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Friday, May 2, 2008

Iron Man (***1/2)

IRON MAN

I Am Iron Man

Think about all the superheroes of the last decade who made it onto the big screen. Would you want to be buddies with any of them? Peter Parker? He's no fun unless he's wearing red and blue leotards and hanging upside down from the ceiling. Clark Kent? He's too busy moping around and stalking his ex-girlfriend. Wolverine? Maybe, except he'd probably stab you thrice in the chest if you looked at him cock-eyed. Bruce Banner? Yeah, that'll turn out well. The Fantastic Four? Daredevil? Ghost Rider? Fuck all those freaks. Losers, the lot of them. Bruce Wayne? Hell no. He seems cool on the outset, but that guy clearly has issues. Iron Man finally introduced me to a movie superhero I wanna hang out with: Tony Stark.

Tony Stark is the coolest cat in superhero movieland. More money than Bruce Wayne, smarter than Bruce Wayne, way more fun to be around than Bruce Wayne. Parties in Vegas, a private plane complete with stripper pole and stripper stewardesses, a cooler, more high tech house and underground lair than Wayne Manor and that dank cave underneath it. A way, way cooler superhero suit than Wayne. Stark's parents are dead too, but unlike Wayne, Stark got over it. Just about in every way, Tony Stark trumps Mr. Wayne. (No disrespect to Alfred and what he brings to the table, but turning Stark's faithful butler Jarvis in the comics into the AI of Stark's home network, voiced by Paul Bettany, was a stroke of genius.) The only negative for Stark is that freaky hole in his chest but he still manages to turn it into a fashion statement.

In Tony Stark, Robert Downey, Jr. created the most likeable rogue ever to leap from the pages of a comic book onto the big screen. The very first scene where Stark is introduced in the humvee (funvee, not the humdrumvee), we instantly like him. His transformation into Iron Man; more importantly, from a rich, brilliant, uncaring ne'er-do-well into a rich, brilliant guy who does care, is a terrific spin on the hoary old "with great power comes great responsibility" chestnut Spider-Man flogged to death in three movies. I'm not sure if the script was just very well written or if director Jon Favreau encouraged Downey to improvise his dialogue, but Stark had the sharpest, cleverst snappy patter of any movie superhero since... well, ever.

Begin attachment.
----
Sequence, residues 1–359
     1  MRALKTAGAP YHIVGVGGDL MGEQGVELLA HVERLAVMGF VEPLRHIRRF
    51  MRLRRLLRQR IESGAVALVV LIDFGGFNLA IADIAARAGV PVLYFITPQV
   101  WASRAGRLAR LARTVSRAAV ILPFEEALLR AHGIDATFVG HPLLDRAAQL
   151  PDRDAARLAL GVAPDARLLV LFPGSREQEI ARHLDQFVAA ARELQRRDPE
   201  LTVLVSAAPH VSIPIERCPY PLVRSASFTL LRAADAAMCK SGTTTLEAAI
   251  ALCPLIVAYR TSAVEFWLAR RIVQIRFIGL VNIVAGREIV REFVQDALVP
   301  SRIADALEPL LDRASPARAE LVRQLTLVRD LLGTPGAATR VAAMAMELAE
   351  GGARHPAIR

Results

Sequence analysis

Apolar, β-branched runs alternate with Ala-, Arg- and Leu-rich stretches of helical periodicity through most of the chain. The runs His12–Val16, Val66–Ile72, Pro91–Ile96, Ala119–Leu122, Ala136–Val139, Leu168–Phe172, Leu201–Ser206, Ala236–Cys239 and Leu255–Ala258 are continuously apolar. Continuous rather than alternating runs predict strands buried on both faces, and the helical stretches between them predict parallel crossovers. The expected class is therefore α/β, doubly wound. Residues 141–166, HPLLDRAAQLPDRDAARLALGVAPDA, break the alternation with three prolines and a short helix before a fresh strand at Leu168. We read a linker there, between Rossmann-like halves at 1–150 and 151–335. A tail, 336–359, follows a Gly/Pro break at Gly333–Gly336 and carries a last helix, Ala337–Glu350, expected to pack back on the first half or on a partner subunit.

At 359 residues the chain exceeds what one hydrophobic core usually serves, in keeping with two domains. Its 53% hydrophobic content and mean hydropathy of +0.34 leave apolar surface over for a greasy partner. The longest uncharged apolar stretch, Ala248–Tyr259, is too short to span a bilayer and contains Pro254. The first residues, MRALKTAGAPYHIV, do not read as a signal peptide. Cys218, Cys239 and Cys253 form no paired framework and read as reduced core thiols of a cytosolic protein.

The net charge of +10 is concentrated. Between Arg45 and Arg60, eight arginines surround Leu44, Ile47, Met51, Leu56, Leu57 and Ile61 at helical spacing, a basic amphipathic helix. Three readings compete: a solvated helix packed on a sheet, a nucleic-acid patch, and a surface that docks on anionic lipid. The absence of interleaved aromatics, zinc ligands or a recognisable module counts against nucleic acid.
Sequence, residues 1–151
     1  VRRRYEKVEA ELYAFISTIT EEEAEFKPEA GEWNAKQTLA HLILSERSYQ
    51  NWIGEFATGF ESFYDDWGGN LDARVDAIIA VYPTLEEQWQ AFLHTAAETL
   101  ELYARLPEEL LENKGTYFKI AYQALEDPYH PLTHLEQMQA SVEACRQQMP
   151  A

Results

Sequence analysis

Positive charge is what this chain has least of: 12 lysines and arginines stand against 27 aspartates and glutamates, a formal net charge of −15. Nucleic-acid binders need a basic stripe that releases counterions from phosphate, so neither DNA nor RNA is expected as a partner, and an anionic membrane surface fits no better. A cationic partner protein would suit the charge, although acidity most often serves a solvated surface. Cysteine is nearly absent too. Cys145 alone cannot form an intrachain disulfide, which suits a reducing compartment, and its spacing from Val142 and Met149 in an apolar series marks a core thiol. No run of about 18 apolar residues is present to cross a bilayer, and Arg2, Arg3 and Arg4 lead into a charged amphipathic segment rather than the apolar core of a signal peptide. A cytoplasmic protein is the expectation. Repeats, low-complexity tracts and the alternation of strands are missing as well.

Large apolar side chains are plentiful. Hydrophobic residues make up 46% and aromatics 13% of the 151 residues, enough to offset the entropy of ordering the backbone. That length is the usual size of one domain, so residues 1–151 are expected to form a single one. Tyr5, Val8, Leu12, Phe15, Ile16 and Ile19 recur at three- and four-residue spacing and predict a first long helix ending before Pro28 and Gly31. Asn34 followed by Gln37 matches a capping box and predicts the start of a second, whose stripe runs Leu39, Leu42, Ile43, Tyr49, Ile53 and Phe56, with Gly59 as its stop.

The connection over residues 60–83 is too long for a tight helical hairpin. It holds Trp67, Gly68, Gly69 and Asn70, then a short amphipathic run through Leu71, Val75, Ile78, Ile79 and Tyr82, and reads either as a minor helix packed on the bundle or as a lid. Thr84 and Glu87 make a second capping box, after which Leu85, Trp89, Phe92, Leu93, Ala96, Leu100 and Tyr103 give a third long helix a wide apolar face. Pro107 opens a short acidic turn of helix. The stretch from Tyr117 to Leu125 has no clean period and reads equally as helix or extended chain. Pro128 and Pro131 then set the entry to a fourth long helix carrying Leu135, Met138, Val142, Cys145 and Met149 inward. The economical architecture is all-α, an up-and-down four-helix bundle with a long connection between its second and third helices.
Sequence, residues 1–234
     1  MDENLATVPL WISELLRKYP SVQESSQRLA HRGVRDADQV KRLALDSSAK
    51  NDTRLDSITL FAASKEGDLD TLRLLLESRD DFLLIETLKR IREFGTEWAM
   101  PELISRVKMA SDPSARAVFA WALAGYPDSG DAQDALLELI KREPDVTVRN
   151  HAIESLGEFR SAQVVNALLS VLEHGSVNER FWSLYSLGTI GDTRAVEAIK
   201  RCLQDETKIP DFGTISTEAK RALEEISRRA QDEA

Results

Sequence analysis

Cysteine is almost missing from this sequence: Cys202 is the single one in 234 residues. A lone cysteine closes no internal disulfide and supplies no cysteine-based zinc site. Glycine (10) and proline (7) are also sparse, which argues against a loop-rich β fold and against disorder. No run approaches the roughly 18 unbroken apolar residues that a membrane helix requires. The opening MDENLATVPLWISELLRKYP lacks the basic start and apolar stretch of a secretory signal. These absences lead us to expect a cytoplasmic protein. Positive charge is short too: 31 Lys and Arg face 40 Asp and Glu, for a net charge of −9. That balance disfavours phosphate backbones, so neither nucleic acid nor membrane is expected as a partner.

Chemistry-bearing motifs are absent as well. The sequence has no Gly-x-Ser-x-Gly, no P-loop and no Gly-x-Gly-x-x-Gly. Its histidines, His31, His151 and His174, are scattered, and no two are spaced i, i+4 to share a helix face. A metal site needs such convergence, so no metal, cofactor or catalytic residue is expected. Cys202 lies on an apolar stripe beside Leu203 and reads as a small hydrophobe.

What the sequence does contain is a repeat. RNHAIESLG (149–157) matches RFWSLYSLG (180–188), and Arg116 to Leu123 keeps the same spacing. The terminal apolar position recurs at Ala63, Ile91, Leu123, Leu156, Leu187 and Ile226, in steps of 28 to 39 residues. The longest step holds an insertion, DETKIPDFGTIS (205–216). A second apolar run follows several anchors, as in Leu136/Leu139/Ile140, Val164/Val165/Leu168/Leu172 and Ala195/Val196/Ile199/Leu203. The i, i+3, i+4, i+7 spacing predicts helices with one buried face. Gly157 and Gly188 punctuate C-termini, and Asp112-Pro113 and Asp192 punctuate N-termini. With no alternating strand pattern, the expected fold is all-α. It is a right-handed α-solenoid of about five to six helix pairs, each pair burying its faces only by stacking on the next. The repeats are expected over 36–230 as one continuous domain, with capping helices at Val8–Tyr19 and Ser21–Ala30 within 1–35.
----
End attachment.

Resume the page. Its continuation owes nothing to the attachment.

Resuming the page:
The rest of the cast was also top to bottom stellar, from Jeff Bridges as Obediah Stane, Terrence Howard as James "Rhodey" Rhodes, to Leslie Bibb as the ballbusting reporter Stark slept with. Even Gwyneth Paltrow as the unfortunately name Pepper Potts didn't rake on my nerves, that is until the third act when she want from supercompetent Girl Friday to fretting damsel in distress: "Oh Tony! Oh no! You could die!" Lady, just shut up and turn on the reactor!

Still, some of best interaction Downey had was with himself, endlessly jabbering with, instructing, or scolding his cadre of robot helpers. While probably the best scene in the movie was when Stark had Pepper remove his robot heart, the most oddly touching moment in the movie was when his little robot brought Stark that same robot heart when he was dying.

The sequence with Iron Man versus the jet fighters was amazing to watch. Iron Man's battle with the Iron Monger wasn't just an excuse for special effects action, but there was logic and strategy behind the characters' behavior. (Stark was running on 48% power on his older robot heart. The callback to icing up in the ionosphere was clever, and it failed to kill Stane as it did Stark. When Iron Man jumped on the Iron Monger's back and yanked out wires, they were specific and bought him necessary time.) But it's a testament to how good the acting and storytelling were that the CGI never overwhelmed the human story of Tony Stark.

Seeing Iron Man in action blowing up tanks was great but there is no "Iron Man" without Tony Stark, and Stark was always the most interesting person in the picture. But for a guy with no superpowers and a fatal hole in his chest, Tony Stark sure could absorb repeated blunt force trauma. Considering how many times he crashed into walls, cars, buildings, etc. at high velocity, his bones should be powder. He should be paralyzed. Or you know, dead.

I loved the ending: Tony Stark ignoring the (comic's silly) cover story that Iron Man is his bodyguard and declaring: "I am Iron Man." Brilliant. Brilliant because given the universe the movie set up, it was impossible for Stark to maintain a secret identity. Also, I've always felt secret identities are generally stupid. Tony Stark wears an armored suit and flies around fighting evil. He doesn't care who knows it.

The fanboy in me was thrilled with how deftly Iron Man laid down the groundwork for not just its sequels but the scope of the larger Marvel Comics universe of movies on the way. I liked the running gag of the acronym for SHIELD no one could remember. I liked how the terrorist cell that kidnapped Stark was called the Ten Rings, a setup perhaps for the Mandarin, Iron Man's Chinese arch foe in the comics who wields ten alien rings of power. Who in the know didn't snicker at Rhodey's "Next time, baby" when he saw the grey armor for War Machine?

If you stayed through the credits, you saw the appearance of Samuel L. Jackson as Col. Nick Fury, who wants to tell Tony Stark about the "Avengers Initiative." Never has a comic book universe's translation into a cohesive movie universe been attempted like this, and it seems very exciting. (If the quality of the rest of the movies holds up.) And even if the other Marvel movies blow, Iron Man is still a state-of-art movie marvel all its own.

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